The aim of this thesis was to study determinants of a readiness for pro-environmental travel behavior in households. Four empirical studies were conducted examining reduction in car use (Study I), acceptability of transport policy measures (Study II and III), and behavioral adaptations in response to travel demand management (TDM) measures (Study IV). In Study I, the aim was to interrupt habitual car use by means of a deliberation intervention and to examine the importance of moral motivation (i.e., personal norm) for car use reduction. Results showed that, as a result of the intervention, car use was mainly reduced among car users with a strong car use habit and a strong moral motivation to reduce car use. The aim of Study II was to examine factors important for the acceptability of three TDM measures: raised tax on fossil fuel, improved public transport, and an information campaign. The results demonstrated the importance of general environmental beliefs (i.e., pro-environmental orientation, problem awareness, personal norm, and willingness to reduce car use) and policy specific beliefs (i.e., perceived impact on freedom to choose travel mode and own car use, perceived effectiveness, and perceived fairness) for the acceptability of the measures. Furthermore, personal norm was found to be particularly important for the acceptability of raised tax and the information campaign, whereas problem awareness was more important for the acceptability of improved public transport. Following up on Study II, the purpose of Study III was to examine the acceptability of single and combined transport policy measures, more specifically, raised tax on fossil fuel, improved public transport, subsidies of renewable fuel, a package of raised tax on fossil fuel and improved public transport, and a package of raised tax on fossil fuel and subsidies of renewable fuel. General environmental beliefs (i.e., pro-environmental orientation, problem awareness, personal norm, and willingness to act) and policy specific beliefs (i.e., perceived effectiveness and perceived fairness) were found to be important for the acceptability of the measures. Moreover, personal norm was particularly important for the acceptability of raised tax on fossil fuel and the packages, while problem awareness was more important for the acceptability of improved public transport and subsidies of renewable fuel. The aim of Study IV was to examine the behavioral adaptations, more specifically, the expected car use reduction, in response to three hypothetical TDM measures: raised tax on fossil fuel, improved public transport, and a package of raised tax on fossil fuel and improved public transport. Furthermore, factors important for the expected car use reduction were analyzed. Results showed that a combination of the measures was expected to lead to a larger car use reduction compared to the single measures, and the most commonly chosen reduction strategies were more efficient car use and changing travel mode. Moreover, internal motivational factors, such as personal norm, and the perceived personal impact of the measures were important for expected car use reduction in response to the measures.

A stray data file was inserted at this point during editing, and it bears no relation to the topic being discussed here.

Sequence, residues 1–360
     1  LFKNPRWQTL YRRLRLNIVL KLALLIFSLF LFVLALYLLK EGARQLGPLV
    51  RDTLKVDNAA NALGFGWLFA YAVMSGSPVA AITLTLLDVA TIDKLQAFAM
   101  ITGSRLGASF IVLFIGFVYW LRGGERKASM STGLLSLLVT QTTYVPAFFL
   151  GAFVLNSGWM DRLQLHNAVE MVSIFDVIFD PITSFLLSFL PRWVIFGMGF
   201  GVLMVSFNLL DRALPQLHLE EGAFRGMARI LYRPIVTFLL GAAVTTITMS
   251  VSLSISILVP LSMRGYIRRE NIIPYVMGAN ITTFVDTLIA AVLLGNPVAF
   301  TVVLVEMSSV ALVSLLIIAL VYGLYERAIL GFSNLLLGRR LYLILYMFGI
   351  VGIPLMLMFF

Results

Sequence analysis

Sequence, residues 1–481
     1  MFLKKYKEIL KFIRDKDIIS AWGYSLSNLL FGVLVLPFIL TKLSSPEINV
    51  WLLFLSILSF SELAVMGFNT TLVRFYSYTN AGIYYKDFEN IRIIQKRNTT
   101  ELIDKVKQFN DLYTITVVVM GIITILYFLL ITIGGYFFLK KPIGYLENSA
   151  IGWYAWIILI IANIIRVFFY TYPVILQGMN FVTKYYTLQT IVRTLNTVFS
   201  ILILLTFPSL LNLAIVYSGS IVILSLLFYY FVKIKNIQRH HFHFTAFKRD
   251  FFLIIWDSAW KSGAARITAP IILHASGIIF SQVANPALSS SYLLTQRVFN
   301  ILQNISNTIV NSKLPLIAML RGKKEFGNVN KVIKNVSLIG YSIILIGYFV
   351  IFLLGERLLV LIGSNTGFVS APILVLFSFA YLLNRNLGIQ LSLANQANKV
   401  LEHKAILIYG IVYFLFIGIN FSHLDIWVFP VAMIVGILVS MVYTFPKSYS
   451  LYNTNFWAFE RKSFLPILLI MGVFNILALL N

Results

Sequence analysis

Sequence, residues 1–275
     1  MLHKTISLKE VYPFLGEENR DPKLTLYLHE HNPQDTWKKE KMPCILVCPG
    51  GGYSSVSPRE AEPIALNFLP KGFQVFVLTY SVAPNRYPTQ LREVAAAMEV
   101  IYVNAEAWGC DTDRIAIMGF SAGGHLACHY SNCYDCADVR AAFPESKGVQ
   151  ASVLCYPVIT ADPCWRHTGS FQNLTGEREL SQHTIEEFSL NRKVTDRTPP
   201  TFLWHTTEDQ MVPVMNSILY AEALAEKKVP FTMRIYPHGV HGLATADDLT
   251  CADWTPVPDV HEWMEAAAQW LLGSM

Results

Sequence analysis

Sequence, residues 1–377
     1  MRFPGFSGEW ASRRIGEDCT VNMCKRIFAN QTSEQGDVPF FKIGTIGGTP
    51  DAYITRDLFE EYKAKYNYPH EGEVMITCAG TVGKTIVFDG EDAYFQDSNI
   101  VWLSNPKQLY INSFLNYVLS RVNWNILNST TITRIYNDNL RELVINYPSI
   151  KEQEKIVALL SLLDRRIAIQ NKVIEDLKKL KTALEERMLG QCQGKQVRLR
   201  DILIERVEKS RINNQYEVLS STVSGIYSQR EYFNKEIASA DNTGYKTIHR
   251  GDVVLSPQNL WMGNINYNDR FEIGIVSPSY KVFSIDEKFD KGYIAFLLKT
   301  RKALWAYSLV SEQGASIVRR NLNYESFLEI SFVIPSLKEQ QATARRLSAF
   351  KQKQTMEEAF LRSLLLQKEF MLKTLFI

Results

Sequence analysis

Place, publisher, year, edition, pages
Umeå: Umeå universitet, Psykologi, 2008. 52 p.
Keyword
value-belief-norm theory, car habit, policy specific beliefs, car use reduction, acceptability, behavioral adaptations, travel demand management measures, transport policy measures
National Category
Psychology
Identifiers
urn:nbn:se:umu:diva-1823 (URN)978-91-7264-626-1 (ISBN)
Distributor:
Institutionen för psykologi, 90187, Umeå
Public defence
2008-10-03, MA121, MIT-huset, Umeå universitet, Umeå, 10:15 (English)
Opponent
Supervisors
Available from: 2008-09-12 Created: 2008-09-12 Last updated: 2010-12-08Bibliographically approved

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Eriksson, LouiseNordlund, Annika